Signing a Will in Arkansas
An inheritance from a will must be signed in concert with Arkansas Inheritance Law. The will has to be in writing, and generally typed. “Holographic” or handwritten wills may be acceptable in an Arkansas court, but the handwriting must be in the testator’s handwriting – which can often be very difficult to prove after the testator has passed away. Most importantly, a will must be signed by the testator at the end of the document. Any provisions below the signature line are void. If the testator is unable to sign, (s)he can direct someone else to sign for him or her; this person will sign the testator’s name, which must be executed with the testator watching. Two impartial persons must witness the will signing. Witnesses have to be 18 years old or older, and cannot be beneficiaries in the will.
Arkansas Probate Process
Probate is the official process for an estate to be settled. Under court supervision, a person (typically a surviving spouse or adult child) will be appointed Executor of the estate, either as stated in the deceased’s Will or nominated by the Court where there is no Will. This person, also known as a Personal Representative, is given the legal authority to value and distribute property and assets to heirs and beneficiaries.
The purpose of probate is to discourage fraud after a loved one dies. Probate freezes the estate’s assets until the probate judge determines whether the will is valid, and then ensures that 1) all relevant persons/beneficiaries have been notified, 2) all property has been identified and appraised, 3) all creditors have been paid back, and 4) all taxes have been paid. Once that has been accomplished, the Probate Court will issue an Order to distribute the property, after which the estate is officially closed.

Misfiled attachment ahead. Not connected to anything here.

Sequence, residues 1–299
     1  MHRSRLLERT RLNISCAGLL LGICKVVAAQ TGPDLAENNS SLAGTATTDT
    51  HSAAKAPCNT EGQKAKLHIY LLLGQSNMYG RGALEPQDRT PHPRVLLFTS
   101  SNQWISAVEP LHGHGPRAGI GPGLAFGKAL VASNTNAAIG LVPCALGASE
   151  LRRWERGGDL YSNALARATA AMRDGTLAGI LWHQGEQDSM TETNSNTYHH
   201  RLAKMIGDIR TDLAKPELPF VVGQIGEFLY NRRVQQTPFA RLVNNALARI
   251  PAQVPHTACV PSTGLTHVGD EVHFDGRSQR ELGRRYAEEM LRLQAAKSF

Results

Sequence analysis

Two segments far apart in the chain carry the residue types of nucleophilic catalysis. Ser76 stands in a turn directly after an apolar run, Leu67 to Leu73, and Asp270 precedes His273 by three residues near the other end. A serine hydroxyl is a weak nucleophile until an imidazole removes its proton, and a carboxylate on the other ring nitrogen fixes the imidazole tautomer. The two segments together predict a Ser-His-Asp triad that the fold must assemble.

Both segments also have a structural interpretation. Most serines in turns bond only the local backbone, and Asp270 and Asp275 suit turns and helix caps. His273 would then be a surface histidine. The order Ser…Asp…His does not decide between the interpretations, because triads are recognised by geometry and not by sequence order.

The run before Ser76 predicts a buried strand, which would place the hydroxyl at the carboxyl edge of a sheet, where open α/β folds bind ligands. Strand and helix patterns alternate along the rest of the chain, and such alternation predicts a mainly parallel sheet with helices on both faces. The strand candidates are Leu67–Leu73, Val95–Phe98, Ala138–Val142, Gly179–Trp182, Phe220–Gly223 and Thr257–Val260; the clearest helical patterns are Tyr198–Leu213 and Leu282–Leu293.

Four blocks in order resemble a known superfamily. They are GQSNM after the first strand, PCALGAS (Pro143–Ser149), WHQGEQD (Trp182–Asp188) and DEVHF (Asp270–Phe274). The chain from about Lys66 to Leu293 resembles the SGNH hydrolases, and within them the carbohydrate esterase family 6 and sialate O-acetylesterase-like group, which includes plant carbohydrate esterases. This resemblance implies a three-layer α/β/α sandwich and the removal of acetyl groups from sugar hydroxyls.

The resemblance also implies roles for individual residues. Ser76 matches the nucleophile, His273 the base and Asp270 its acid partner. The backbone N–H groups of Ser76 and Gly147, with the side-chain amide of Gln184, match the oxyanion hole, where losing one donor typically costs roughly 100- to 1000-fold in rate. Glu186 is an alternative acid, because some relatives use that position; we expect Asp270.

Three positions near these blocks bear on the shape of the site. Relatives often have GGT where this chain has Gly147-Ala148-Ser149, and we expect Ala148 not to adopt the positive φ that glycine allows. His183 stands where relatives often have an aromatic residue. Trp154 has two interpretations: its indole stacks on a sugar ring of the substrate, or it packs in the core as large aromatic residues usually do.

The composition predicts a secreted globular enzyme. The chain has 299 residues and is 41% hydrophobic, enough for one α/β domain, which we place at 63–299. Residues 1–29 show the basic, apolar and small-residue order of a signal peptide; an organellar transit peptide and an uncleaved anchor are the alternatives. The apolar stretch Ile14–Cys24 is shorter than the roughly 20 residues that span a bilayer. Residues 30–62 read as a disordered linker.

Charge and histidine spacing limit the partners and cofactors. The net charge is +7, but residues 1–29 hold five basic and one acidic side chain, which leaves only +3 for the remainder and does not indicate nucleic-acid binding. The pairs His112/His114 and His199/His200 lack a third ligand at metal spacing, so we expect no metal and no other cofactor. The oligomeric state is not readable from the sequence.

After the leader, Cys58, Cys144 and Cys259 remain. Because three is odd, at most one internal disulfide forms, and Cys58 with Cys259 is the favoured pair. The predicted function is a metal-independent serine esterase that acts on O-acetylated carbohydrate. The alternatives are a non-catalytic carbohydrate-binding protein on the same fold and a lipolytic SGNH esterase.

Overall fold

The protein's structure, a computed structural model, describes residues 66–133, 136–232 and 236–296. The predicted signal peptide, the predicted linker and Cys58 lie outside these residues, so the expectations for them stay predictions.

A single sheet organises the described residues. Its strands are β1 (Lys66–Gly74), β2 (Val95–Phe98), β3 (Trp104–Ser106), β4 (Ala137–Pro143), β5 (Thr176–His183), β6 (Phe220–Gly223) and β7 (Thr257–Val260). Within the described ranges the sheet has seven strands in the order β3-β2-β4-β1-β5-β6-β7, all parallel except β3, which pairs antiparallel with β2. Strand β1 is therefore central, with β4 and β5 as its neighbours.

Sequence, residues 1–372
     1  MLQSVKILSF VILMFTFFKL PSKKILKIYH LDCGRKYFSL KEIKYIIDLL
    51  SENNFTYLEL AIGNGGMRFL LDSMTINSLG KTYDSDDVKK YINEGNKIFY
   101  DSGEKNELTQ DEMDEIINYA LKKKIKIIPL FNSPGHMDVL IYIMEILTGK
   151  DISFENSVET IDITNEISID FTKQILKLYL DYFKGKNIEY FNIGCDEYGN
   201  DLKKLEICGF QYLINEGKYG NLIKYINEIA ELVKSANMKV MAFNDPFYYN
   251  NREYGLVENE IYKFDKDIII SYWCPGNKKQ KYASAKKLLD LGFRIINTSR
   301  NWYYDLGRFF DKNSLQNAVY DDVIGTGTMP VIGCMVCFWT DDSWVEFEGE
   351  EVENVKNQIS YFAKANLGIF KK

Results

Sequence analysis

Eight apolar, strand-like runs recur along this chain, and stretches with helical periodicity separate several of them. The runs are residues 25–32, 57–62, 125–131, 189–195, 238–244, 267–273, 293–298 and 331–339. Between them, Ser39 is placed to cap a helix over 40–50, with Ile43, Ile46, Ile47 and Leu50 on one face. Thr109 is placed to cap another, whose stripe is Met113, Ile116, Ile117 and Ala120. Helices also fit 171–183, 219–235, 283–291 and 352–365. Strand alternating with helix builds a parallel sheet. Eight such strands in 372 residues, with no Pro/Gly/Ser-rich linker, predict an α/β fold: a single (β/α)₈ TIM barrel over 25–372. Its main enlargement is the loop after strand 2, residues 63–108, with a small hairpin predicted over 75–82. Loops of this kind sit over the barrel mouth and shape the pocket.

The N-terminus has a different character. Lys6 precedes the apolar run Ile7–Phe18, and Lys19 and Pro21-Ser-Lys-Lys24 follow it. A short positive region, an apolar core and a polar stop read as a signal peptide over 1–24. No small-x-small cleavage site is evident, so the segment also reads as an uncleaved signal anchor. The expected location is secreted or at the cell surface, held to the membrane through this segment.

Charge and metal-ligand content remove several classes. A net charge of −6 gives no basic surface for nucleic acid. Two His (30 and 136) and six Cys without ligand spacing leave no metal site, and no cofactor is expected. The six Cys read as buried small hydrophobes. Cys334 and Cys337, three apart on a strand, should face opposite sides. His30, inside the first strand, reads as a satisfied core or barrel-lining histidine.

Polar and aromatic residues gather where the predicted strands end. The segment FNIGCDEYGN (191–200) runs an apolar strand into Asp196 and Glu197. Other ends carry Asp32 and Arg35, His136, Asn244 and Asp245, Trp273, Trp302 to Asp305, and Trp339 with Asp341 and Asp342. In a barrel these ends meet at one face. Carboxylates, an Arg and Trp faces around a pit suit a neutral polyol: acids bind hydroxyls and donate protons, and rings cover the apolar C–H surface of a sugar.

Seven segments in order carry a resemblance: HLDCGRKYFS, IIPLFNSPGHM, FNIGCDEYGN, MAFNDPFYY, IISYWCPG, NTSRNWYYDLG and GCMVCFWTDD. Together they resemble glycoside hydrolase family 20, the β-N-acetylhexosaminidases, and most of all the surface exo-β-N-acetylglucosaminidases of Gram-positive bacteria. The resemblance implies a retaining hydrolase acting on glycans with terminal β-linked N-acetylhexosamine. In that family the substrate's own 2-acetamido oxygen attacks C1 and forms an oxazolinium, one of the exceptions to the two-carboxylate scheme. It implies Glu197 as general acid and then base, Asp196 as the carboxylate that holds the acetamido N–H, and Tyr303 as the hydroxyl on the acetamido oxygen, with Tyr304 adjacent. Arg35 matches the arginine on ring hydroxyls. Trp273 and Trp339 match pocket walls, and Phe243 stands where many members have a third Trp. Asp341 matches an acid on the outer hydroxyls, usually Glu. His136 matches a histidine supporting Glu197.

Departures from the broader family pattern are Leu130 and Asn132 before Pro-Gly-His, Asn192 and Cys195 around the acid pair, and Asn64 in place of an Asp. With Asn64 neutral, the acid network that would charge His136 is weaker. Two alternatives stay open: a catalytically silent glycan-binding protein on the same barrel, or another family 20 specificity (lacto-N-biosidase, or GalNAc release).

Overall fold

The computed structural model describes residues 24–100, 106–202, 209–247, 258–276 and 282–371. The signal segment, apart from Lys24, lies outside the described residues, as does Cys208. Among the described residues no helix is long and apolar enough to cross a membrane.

Not all estates are required to go through Probate, such as those considered to be a Small Estate. In these cases, court supervision is not required to settle an estate.
Secondly, not all assets are subject to the probate process. In some cases, assets will transfer automatically upon death, including:
- Joint Tenancy Assets: Assets are owned together, giving the Right of Survivorship to the surviving owner. When one joint tenant passes away, the other inherits full ownership.
- Tenancy by Entirety or Community Property, with Right of Survivorship: Similar to joint tenancy, but only available to married couples. Upon the death of one joint tenant, the surviving spouse inherits full ownership.
- Beneficiary Designations: Typically, retirement accounts, life insurance policies, etc have named beneficiaries. When the account/policy owner passes away, assets go to the named beneficiary.
- Payable/Transfer on Death Accounts: Like Beneficiary Designations, bank and brokerage accounts can include designated beneficiaries. If so desired, the account owner can designate recipients of account assets upon his death.
Thirdly, if the deceased had a Living Will to hold his assets, then his estate will likely not have to go through Probate upon his death. Individual states have laws dictating eligibility for Living Trust and Non-Probate situations.
For estates that exceed the threshold for a Small Estate, and/or for which there is no will, Probate is required to allocate funds appropriately to heirs/beneficiaries.
- The Will must have been filed in the county where the deceased lived.
- The Will must be filed within 30 days of the death.
- A Petition for Probate must be filed. This petition requests the appointment of an Executor to the Estate, whether as dictated by the Will or, where there is no Will, by the Court.
- Likewise, all heirs/beneficiaries must be notified as required by the respective Probate Court.